The Conservatives, Liberals and Progressive Parties could form their own majority government if there was an election today. This is shown by the Ipsos party barometer carried out for Dagbladet.
The Conservative Party has made the same progress as in some other measures, with 27.2 percent compared to 20.4 percent in last year’s general election.
– Putin’s war of invasion in Europe, which has brought with it soaring prices for things that are absolutely necessary, means that many are turning to the side impatient for a good and realistic solution, said Tina Bru, deputy leader of the Conservative Party.
The FRP has also made progress since the election, with 15.1 percent support.
– It’s great to have another good poll for the FRP and a majority of voters will replace the crippled government, says FRP leader Sylvi Listhaug.
Liberal deputy leader Sveinung Rotevatn said he was pleased that the Liberal Party remained on the same level from the general election, with 4.2 percent.
– It’s quite clear that the electorate is really tired of the Ap and Sp government projects that seem backwards, and wants a change, says Rotevatn.
Høyre, Frp and Venstre together have 85 mandates, which is the number of seats in the Storting hall needed to recreate the dream of Erna Solberg’s old government. The fourth party, KrF, got 3.8 percent and still below the block limit.
– It’s always nice to have measurements showing that we can reach the limit of the barrier, says KrF leader Olaug Bollestad optimistically.
There was no significant change from the previous measurement in June, but the measurement was marked by the same trend as before.
Jonas Gahr Støre (Ap) is leaking voters to Solberg and Listhaug, the survey shows. App got 21.6 percent and makes the same drop from the election result of 26.3 as in some of the other new measures.
– We obviously have to do better than this, said Labor party secretary Kjersti Stenseng.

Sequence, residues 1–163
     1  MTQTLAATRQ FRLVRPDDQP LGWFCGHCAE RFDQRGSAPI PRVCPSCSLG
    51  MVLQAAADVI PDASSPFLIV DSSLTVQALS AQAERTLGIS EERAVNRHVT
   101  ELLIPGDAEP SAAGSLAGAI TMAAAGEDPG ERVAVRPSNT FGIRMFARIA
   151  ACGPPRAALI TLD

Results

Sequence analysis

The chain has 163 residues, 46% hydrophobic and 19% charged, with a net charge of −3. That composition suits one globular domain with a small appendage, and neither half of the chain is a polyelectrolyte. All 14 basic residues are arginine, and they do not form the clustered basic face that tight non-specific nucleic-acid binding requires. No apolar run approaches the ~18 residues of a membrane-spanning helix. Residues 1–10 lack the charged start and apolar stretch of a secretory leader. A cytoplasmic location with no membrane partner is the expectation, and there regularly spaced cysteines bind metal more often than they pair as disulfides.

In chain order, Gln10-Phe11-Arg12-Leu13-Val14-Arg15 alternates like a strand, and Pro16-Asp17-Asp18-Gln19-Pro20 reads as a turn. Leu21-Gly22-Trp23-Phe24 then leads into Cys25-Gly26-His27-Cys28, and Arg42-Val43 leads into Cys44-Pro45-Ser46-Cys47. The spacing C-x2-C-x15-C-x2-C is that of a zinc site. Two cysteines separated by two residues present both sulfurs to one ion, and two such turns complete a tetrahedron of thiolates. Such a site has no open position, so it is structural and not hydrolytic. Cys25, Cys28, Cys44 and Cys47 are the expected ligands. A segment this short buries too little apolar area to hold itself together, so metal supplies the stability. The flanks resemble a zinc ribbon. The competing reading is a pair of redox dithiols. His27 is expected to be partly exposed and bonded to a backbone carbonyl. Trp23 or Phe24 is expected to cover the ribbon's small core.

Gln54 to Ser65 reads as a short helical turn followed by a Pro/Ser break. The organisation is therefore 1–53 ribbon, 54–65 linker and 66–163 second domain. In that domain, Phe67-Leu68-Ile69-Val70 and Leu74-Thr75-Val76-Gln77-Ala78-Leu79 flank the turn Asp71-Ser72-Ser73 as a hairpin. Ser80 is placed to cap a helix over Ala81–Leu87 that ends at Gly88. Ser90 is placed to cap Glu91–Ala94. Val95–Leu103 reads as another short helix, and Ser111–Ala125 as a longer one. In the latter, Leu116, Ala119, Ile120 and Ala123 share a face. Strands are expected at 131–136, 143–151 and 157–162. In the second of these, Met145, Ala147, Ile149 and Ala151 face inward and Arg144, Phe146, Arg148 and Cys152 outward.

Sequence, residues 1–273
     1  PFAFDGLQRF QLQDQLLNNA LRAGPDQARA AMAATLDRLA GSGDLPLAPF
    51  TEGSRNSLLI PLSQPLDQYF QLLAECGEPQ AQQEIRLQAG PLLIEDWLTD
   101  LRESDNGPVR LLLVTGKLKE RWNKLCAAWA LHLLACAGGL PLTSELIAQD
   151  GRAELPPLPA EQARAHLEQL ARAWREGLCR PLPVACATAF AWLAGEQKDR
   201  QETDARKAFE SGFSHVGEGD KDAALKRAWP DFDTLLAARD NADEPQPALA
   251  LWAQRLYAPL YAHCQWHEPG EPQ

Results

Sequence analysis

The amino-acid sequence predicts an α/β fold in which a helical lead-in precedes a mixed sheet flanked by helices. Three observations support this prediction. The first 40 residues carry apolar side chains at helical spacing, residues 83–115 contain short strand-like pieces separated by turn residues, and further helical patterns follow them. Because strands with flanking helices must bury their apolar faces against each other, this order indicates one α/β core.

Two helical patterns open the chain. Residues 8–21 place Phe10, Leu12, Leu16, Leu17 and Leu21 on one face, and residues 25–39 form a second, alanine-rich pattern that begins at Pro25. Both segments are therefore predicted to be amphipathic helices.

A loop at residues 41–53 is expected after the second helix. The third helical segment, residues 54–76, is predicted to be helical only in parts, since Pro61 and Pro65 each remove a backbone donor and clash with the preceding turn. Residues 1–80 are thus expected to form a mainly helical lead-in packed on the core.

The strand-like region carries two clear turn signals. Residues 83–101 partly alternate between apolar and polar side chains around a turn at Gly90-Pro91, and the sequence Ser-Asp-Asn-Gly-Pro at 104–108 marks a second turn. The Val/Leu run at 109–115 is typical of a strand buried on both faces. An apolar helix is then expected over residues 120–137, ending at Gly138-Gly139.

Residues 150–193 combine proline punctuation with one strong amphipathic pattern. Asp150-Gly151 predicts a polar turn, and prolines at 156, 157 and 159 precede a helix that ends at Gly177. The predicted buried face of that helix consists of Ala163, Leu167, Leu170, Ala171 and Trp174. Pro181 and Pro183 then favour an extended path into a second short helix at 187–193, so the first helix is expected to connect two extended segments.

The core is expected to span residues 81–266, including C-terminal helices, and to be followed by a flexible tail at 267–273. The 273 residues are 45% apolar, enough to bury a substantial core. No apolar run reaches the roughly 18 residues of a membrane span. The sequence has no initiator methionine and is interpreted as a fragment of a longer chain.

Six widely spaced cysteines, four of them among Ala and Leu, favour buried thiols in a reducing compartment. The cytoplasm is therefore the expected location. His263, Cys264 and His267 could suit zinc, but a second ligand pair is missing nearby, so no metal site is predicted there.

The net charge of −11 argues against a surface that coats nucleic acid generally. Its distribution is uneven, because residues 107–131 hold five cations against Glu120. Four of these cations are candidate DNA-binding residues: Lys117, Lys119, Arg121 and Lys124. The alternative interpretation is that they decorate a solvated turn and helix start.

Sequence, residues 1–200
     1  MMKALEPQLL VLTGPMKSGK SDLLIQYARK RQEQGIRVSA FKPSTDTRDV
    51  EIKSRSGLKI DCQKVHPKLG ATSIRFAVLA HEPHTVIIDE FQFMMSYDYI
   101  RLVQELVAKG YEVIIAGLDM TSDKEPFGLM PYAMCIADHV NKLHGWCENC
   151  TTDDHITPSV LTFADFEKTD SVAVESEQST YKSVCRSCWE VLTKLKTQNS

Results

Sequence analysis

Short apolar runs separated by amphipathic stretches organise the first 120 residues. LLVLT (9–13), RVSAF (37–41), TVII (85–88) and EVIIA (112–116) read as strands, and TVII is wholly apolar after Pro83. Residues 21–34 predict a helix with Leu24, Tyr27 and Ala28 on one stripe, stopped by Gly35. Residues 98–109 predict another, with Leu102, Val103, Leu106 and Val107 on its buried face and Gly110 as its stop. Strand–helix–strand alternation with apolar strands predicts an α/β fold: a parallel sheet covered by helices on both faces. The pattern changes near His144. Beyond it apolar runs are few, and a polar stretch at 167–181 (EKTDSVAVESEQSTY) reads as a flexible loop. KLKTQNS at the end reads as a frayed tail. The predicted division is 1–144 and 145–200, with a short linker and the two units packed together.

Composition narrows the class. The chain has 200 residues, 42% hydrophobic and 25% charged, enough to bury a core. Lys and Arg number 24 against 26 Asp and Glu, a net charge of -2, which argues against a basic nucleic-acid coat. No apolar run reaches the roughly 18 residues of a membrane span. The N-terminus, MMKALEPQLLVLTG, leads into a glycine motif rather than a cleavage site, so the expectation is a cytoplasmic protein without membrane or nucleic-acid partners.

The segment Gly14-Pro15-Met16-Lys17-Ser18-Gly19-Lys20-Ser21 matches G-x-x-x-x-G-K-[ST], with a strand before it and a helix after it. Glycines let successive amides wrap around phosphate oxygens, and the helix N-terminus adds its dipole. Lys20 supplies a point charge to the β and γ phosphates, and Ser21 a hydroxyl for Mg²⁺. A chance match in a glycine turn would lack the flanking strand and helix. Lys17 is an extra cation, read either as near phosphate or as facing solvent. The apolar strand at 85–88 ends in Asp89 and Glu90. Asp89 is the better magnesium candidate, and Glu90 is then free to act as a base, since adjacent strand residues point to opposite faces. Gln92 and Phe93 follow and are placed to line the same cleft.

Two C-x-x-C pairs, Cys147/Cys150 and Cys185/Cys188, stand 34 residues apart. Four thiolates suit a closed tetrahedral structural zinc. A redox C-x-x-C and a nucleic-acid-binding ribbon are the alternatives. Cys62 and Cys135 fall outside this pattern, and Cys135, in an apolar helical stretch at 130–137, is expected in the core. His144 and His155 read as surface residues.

He said the government is working intensively and must do what it can for responsible spending and to avoid rising inflation and higher interest rates.
Measurements also show new trends:
One government party, Sp, takes voters from another, Ap.
Eat each other
But Trygve Slagsvold Vedum (Sp) also lost voters from the Conservative Party and the FRP.
The party is getting 5.7 percent and more than half since the election. The numbers also show that Sp is struggling with loyalty. Every third SP voted for another party, and another third said they didn’t know what they would vote for at this point.
– This is a lower level than we were targeting, said Geir Pollestad, deputy speaker of parliament Sp.
Sp-toppen believes that people feel the anxiety associated with high prices and says they work to gain control of power and steer through difficult times.
– This is not an easy task, and will take time, but we believe that it will increase support going forward, said Pollestad (Sp).
Red and SW the same size
Both parties on the far left got the same result, 7.4 percent. But while SV is down from previous measurements, Rødt is up accordingly.
– With this measurement, SV is on track to average close to 9 percent in August, and we are very satisfied with that, said SV acting leader Kirsti Bergstø.
Rødt leader Bjørnar Moxnes said he thought voters were struggling to see the difference between Solberg and Støre’s policies and wanted action.
“I think Rødt is growing because of our demand for maximum prices, and I think a lot of the left wants to strengthen us to pull Støre towards us and away from Solberg and Conservative politics,” Moxnes said.
The results of the Greens have not changed since the last poll, and the party gets 3.5 percent.
The margin of error is between 1.4 and 3.3 percentage points.
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